The popularity of kayak fishing has surged in recent years. Fishing as a sport has always had its share of followers, but the increase in the use of kayaks may be attributed to more than one reason. Some believe that kayak fishing became popular as a reaction to the prevalence of increasingly sophisticated electronic aids such as fishfinders and scientifically designed watercraft. Others also believe that the all-encompassing trend towards “green” methods has made the use of motor-less kayaks for fishing more appealing. In any case, the use of kayaks in fishing has a long and colorful history.
Kayak Fishing Beginnings:
The earliest versions of the kayak were made from stitched skins of animals such as seals, which were stretched on a wooden frame. These kayaks were first constructed and used by indigenous people who settled the northernmost areas near the Arctic region, who used them to travel through and fish from inland waters. There are experts who have discovered proof that some tribes, such as the Inuit, have been making kayaks and using them for fishing and hunting for more than four thousand years.
The advantages of Kayak Fishing Aside from being the “green” choice, is the many the uses of kayaks for fishing which offer several notable benefits. Kayaks, unlike most types of watercraft, are quite affordable. They are also much less complicated and much easier to take care of although a fishing kayak requires more effort to use because of the need to paddle, and the additional weight in carrying fishing gear not normally carried if only indulging in kayaking as a sport. However, this kind of effort can be beneficial because it burns calories and tones the muscles.
In recent years, more and more people are taking to the water in sit on top kayaks and it hasn’t taken long before some innovative people realized the need for some kind of motorized kayaks and hence the addition of battery powered detachable electric motors started to make their mark within the fishing kayak manufacturing industry.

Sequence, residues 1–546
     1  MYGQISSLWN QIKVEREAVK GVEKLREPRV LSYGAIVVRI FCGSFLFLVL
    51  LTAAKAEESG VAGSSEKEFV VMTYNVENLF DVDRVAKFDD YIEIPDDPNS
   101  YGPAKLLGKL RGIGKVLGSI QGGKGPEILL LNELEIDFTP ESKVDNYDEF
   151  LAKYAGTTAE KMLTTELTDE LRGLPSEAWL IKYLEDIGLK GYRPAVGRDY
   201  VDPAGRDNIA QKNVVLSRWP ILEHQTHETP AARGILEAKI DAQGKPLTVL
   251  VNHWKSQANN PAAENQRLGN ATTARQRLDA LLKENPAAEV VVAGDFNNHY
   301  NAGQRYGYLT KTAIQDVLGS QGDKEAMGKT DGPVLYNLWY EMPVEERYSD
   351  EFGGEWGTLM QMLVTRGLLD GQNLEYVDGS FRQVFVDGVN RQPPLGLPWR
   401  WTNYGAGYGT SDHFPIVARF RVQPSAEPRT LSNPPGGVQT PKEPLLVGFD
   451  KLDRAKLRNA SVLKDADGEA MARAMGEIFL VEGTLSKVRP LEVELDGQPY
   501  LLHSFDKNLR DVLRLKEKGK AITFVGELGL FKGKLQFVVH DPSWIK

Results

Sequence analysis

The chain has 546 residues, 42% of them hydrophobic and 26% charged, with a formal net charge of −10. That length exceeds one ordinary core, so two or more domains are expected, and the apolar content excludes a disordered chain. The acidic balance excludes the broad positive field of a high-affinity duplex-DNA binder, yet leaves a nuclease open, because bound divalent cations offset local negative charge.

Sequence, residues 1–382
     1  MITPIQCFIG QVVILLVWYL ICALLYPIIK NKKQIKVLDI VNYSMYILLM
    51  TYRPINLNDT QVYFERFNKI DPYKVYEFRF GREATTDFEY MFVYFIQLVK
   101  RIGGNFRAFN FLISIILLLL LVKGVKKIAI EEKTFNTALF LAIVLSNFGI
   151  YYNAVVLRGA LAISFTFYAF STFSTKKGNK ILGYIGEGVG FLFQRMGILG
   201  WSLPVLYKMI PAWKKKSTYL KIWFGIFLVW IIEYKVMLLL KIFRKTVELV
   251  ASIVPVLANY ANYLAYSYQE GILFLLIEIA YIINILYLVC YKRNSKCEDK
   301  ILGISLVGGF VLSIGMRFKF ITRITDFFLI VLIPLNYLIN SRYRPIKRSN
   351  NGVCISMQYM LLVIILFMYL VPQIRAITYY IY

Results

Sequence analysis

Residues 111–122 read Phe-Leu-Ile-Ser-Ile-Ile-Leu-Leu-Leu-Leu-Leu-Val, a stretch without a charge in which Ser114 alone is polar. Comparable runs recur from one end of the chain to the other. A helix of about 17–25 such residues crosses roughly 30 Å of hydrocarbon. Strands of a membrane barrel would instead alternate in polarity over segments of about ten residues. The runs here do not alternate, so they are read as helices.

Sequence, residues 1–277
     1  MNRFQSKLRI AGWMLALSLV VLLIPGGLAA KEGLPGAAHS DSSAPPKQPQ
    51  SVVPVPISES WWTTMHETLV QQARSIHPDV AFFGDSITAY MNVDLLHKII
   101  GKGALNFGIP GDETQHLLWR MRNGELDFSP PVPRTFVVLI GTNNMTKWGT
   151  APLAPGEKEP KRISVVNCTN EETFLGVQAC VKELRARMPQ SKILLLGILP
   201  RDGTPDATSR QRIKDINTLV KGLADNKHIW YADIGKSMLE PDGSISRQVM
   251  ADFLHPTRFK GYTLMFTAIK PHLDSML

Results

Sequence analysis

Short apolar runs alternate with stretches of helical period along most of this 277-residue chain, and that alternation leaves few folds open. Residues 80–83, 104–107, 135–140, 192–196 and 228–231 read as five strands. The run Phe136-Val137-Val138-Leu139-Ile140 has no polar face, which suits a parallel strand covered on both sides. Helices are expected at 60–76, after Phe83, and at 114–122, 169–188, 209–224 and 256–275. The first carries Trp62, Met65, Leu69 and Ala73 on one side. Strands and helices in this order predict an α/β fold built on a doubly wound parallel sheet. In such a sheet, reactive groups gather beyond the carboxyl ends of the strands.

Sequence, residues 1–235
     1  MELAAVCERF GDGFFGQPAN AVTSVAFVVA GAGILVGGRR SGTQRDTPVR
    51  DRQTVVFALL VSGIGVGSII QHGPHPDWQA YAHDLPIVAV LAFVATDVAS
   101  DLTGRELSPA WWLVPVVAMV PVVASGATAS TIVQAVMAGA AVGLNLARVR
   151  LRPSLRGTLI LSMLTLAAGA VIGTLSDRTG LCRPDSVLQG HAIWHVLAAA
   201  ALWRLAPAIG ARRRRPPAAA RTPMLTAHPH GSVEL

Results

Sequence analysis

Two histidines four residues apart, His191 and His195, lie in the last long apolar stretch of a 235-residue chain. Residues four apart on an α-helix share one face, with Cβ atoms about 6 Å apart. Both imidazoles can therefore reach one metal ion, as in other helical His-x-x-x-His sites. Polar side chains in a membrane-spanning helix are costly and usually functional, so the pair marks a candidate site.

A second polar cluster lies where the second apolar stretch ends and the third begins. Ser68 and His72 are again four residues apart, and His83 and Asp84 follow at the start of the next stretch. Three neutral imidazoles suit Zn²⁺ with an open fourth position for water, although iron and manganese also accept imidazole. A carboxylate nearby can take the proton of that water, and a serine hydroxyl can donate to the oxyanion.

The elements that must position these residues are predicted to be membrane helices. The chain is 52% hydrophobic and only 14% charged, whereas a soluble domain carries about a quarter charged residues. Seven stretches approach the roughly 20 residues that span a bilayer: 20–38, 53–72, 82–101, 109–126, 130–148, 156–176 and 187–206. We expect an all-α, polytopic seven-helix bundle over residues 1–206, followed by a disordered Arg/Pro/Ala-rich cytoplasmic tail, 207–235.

Kayak Fishing and Electronic Fishfinders.
Kayak fishing also inherently limits the kind of electronic assistance that a fisherman can use. For the avid kayak fisher, that lack of assistance can also be considered an added benefit in that one of the major pleasures of fishing is the uncertainty of catching fish; one can develop or inherit a strategy to find the most likely spots where the fish can be found, and fishing blind can prove whether those strategies were right or wrong. However, in today’s modern trend where time is often limited, using electronic devices on the other hand, can decrease the anticipatory pleasure of finding out for one’s self but limiting ones chances of locating fish.
The Difficulties of Unaided Fishing
For some people, being able to actually catch fish is just a bonus. The pleasure in fishing comes with the use of proper strategy, making preparations, the anticipation of the hunt, and the relaxation of the body, mind, and spirit when surrounded by water. Kayak fishing is fishing in its purest form, and the use of electronic aids for some is no different from using a motor for the watercraft. Such devices, many believe, go against the whole point of using a kayak.
But sometimes, an extended period of failure can be downright frustrating. Going home empty-handed after more than a dozen trips can take its toll. Sometimes just one device—the electronic fish finder —is enough. This is especially true when predator fish have developed new feeding grounds and a sonar device becomes essential to find the deep areas where the bait fish—and the bigger fish—are located.
Fishfinder Advantages in Kayak Fishing
When you need to use a kayak fish finder, you are not required to spend a fortune for the equipment. Sometimes a basic model is sufficient, as long as it provides the rudimentary functions you need.
The Basic Kayak Fishing Fishfinder Setup
No matter what model electronic fishfinder you choose for your kayak fishing ventures, there are only three considerations that are relevant:
- It provides the features you require. (Generally, this means that it emits sonar waves, which help you find schools of fish, underwater debris, and the depth of the bottom)
- It has to be reliable.
- It must be affordable and within your budget.
The basic setup also includes a power source. Since kayaks don’t usually have motors, you can equip your kayak with a battery with the required amperage hours. That should be sufficient for your fishfinder, which will probably run on 12 volts power. For overload protection, most fishfinders also come with an in-line fuse. Shrink butt connectors and gauge wire may also be necessary.
For added convenience, easily detachable portable fish finder models are your best option. And of course, since you’ll be operating on the water, a waterproof unit may also be best for your needs particularly when using a kayak when fishing.
Using an electronic fishfinder isn’t cheating, no matter what the purists might say. After all, even the ancient Eskimos came up with a rudimentary version of the stethoscope so that they can detect the movement of walruses and seals under the ice. If basic fishing aids were good enough for renowned kayak fishermen such as Eskimos, then basic electronic fishfinders are acceptable as well. Besides, using them can be so much fun, especially when you catch fish much more often.